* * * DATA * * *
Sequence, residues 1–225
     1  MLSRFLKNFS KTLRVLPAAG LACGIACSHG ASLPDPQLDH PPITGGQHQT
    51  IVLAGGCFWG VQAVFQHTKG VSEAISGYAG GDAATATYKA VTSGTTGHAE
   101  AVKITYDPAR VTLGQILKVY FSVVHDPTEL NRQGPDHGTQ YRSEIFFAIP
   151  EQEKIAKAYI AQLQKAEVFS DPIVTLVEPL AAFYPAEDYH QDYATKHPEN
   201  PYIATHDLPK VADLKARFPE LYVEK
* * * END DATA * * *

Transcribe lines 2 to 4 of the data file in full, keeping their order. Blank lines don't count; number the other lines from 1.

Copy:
     1  MLSRFLKNFS KTLRVLPAAG LACGIACSHG ASLPDPQLDH PPITGGQHQT
    51  IVLAGGCFWG VQAVFQHTKG VSEAISGYAG GDAATATYKA VTSGTTGHAE
   101  AVKITYDPAR VTLGQILKVY FSVVHDPTEL NRQGPDHGTQ YRSEIFFAIP